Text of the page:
We are a community theatre, amateur dramatics group that produces and performs plays throughout the year. We are always looking for new members to perform and to help backstage. If this sounds like you, get in touch. Our performances are very well supported by our audience and we run each play for three evenings, Thursday, Friday, and Saturday. Tickets sell fast for each of our plays and the feedback we receive is very gratifying. We have a regular audience who come to see every play but also new people discover us each time we perform. Our plays are suitable for a family audience so anyone is welcome.
Suffolk Drama Groups - AmDram - Amateur Theatre, Amateur Dramatics Theatre, in Suffolk Page 1 of 3
While paid acting classes is a good solution, not everyone can afford them. Especially starving actors! Things to keep in mind:. This list of drama clubs in London, or drama groups, or classes, or whatever you would prefer to call them, is aimed at enthusiastic actors looking to invest some of their time into the company. Most of them are free, although some might charge for a membership here and there.
We try to put on at least two shows a year, including a Christmas Pantomime. Over the years we have had many successful shows, and our audience seems to grow with each production. With the same professional touch, each autumn they transform a church hall into a little theatre where 'An Evening with Appeal' is staged, giving inexperienced members of the Group an opportunity to develop their art and to 'tread the boards' with more seasoned performers.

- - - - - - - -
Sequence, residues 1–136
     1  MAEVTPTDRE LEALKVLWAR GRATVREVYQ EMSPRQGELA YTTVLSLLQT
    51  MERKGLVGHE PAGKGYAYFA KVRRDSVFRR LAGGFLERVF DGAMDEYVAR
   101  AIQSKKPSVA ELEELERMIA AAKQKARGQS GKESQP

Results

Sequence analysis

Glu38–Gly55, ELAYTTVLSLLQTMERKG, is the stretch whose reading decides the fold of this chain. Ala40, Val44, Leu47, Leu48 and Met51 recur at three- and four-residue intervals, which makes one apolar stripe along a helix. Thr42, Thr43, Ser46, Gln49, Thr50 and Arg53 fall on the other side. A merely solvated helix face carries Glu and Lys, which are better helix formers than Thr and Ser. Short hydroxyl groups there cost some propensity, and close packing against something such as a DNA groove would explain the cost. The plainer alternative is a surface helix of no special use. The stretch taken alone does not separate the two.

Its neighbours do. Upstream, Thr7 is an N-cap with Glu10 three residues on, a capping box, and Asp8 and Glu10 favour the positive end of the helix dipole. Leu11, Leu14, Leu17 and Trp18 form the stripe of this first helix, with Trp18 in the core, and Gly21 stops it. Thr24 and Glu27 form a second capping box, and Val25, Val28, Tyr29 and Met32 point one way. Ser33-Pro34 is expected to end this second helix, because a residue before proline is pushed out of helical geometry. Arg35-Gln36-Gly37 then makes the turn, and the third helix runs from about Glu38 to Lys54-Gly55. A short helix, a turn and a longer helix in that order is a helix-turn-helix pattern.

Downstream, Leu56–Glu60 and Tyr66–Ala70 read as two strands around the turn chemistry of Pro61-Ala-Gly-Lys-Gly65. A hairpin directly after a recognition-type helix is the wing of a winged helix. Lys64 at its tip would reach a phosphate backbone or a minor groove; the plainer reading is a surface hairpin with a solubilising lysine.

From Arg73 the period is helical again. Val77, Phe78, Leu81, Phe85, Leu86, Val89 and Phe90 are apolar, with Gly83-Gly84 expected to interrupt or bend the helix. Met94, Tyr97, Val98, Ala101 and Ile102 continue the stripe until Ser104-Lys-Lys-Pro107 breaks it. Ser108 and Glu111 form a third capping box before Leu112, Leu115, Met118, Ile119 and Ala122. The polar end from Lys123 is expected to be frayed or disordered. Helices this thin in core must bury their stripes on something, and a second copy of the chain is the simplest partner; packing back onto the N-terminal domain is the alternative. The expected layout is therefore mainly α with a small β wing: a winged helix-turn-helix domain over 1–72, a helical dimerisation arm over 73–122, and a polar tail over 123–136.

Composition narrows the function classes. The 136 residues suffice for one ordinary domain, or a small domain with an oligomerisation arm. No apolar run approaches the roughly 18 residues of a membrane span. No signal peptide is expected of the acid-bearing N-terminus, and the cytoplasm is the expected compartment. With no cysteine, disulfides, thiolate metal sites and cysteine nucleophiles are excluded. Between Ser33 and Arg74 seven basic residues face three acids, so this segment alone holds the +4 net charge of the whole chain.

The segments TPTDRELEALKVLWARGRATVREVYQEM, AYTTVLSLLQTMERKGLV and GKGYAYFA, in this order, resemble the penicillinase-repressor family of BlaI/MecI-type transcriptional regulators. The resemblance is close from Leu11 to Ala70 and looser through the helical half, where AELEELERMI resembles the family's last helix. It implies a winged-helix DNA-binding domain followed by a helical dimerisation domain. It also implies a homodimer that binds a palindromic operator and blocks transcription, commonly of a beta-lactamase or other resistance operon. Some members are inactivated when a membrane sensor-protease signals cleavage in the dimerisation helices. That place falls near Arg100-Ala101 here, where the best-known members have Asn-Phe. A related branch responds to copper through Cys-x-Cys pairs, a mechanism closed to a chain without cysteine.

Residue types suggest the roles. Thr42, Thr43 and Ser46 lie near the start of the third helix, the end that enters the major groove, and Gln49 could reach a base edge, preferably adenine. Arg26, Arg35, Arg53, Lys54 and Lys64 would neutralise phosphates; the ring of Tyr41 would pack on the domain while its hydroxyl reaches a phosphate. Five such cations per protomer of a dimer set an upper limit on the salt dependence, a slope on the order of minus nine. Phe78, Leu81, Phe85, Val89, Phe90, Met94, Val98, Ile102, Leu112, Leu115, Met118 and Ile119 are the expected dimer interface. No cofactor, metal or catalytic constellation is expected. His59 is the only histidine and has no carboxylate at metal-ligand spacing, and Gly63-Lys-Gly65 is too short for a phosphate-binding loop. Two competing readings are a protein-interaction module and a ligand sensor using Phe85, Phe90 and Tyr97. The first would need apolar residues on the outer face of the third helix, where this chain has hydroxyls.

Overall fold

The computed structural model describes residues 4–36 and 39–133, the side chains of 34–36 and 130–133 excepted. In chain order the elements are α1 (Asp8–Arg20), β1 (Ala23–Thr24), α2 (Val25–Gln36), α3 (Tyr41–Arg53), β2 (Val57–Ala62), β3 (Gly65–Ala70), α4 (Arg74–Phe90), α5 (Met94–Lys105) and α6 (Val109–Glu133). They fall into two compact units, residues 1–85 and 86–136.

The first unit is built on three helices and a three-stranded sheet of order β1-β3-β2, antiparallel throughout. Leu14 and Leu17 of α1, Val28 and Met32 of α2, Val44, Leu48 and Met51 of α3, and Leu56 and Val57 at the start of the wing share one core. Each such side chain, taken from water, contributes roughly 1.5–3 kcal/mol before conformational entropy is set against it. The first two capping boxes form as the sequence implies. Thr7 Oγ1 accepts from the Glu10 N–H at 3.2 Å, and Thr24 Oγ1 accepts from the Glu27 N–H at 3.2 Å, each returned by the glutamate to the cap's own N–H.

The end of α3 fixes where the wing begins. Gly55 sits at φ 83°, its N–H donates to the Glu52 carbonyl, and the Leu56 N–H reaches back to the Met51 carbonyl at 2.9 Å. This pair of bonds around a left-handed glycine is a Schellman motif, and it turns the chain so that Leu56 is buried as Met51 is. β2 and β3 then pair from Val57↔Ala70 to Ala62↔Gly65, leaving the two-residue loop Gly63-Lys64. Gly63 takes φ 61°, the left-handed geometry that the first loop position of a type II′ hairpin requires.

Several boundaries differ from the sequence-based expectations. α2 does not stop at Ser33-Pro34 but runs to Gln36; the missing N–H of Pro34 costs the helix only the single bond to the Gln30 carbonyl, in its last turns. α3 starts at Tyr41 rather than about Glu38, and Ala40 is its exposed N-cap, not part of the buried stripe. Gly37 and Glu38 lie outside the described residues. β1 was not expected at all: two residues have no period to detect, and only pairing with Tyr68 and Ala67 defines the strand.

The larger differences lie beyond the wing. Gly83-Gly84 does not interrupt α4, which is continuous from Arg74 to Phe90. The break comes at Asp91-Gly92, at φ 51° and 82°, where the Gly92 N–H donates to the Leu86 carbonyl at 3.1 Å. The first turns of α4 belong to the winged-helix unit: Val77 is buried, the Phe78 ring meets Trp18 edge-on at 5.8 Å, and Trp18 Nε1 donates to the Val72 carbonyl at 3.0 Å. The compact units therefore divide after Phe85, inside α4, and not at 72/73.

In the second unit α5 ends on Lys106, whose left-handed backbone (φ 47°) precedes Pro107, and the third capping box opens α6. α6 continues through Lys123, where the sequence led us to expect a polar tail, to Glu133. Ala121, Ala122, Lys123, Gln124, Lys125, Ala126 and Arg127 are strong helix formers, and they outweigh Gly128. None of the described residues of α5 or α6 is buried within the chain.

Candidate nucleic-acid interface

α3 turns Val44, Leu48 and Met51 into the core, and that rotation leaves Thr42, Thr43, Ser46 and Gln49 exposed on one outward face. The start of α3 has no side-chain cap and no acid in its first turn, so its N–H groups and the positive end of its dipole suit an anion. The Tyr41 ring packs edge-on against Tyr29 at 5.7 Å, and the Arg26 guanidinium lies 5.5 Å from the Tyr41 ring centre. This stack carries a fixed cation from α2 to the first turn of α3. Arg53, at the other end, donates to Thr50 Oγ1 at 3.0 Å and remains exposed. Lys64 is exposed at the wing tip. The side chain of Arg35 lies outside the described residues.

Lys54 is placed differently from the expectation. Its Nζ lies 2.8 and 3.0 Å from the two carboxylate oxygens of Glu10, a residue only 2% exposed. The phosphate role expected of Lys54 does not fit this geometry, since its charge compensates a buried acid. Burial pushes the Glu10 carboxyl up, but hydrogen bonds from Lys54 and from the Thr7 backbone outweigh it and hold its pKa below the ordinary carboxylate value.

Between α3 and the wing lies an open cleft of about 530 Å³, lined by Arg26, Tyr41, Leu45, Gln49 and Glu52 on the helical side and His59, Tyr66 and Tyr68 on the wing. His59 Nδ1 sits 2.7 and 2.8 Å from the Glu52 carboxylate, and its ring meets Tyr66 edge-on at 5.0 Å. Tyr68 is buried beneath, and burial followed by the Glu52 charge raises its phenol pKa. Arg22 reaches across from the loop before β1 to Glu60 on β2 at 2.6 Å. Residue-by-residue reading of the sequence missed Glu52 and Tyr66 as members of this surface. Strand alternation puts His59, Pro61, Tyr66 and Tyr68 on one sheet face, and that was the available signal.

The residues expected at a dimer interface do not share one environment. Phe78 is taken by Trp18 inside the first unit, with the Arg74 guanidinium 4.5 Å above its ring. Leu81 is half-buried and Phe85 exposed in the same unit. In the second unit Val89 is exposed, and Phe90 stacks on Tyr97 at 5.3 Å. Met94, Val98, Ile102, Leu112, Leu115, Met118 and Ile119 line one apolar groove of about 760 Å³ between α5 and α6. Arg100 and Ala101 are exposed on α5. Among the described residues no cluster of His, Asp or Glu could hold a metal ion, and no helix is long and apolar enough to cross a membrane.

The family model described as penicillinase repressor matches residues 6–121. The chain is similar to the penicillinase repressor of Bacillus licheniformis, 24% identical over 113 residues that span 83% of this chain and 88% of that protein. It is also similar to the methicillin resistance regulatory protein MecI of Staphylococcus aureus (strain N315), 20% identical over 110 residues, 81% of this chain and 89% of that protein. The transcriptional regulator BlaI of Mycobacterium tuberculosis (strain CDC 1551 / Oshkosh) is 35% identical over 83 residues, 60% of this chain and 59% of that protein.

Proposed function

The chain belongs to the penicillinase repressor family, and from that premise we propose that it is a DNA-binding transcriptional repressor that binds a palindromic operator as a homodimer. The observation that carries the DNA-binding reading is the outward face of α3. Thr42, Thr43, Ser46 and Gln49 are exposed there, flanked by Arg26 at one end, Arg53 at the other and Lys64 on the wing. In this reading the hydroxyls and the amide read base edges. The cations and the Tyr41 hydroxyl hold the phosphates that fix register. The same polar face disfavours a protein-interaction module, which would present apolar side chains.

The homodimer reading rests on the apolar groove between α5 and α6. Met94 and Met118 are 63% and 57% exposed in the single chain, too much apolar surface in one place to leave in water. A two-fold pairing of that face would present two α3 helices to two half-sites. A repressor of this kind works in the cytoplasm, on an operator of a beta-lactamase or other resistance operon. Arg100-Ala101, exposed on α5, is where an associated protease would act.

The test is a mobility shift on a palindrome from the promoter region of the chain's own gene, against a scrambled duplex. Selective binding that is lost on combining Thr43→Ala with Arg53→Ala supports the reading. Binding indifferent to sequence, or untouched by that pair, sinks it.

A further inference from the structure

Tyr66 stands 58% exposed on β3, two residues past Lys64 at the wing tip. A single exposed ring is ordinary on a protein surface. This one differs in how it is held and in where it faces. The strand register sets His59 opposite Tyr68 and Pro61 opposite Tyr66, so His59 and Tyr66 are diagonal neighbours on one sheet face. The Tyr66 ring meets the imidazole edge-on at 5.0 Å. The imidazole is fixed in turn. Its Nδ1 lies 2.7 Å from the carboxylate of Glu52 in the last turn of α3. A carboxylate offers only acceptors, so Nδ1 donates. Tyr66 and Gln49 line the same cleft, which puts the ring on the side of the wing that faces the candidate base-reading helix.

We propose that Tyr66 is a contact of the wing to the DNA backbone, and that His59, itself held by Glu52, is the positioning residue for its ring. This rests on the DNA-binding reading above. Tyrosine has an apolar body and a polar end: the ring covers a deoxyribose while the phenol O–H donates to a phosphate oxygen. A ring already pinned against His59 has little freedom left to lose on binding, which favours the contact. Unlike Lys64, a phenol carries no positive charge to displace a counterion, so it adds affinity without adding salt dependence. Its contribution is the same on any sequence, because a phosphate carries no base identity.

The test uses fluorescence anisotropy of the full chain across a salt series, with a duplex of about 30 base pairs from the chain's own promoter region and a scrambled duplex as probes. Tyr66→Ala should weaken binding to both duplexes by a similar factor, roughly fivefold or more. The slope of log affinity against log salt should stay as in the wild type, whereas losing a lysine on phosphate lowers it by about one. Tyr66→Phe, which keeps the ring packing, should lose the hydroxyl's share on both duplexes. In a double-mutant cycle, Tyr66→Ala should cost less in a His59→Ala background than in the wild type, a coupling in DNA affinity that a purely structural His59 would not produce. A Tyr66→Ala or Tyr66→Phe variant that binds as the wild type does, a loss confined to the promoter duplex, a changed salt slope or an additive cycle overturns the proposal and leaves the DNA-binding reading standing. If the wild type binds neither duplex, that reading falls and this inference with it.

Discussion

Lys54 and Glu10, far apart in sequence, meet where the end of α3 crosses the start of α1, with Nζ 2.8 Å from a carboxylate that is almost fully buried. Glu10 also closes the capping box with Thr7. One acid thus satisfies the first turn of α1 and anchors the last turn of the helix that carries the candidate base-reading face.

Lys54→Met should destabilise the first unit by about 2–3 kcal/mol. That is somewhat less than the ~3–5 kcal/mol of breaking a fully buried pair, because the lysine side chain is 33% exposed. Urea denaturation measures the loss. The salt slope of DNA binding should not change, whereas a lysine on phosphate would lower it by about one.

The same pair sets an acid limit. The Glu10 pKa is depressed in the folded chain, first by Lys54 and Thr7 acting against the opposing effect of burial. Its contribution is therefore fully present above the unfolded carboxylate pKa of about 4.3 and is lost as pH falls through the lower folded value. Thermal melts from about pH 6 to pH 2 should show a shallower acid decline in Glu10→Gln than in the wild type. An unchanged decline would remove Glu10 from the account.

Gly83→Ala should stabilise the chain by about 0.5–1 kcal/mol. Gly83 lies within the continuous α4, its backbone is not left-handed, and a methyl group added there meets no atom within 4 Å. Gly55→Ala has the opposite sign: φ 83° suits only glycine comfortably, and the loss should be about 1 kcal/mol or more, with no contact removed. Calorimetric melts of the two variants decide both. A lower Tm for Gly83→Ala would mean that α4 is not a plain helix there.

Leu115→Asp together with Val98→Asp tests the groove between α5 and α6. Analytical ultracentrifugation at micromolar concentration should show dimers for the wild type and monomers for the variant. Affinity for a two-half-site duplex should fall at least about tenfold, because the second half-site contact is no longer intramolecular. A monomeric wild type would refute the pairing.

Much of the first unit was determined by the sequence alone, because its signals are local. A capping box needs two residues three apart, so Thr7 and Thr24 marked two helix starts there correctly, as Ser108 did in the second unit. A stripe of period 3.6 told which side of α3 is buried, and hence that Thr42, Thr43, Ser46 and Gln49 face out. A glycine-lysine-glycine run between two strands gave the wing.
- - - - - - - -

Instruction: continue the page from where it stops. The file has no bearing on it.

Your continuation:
Amateur theatre , also known as amateur dramatics , is theatre performed by amateur actors and singers. Amateur theatre groups may stage plays, revues, musicals, light opera, pantomime or variety shows, and do so for the social activity as well as the artistic side. Productions may take place in venues ranging from the open air, community centres or schools to independent or major professional theatres and can be simple light entertainment or demanding drama. Amateur theatre is distinct from the professional or community theatre simply in that participants are not paid, although this is not always the case, even though the productions staged may be commercial ventures, either to fund further productions, to benefit the community, or for charity. Amateur actors are not typically members of actors' unions, as these organisations exist to protect the professional industry and discourage their members from working with companies which are not signatories to union contracts.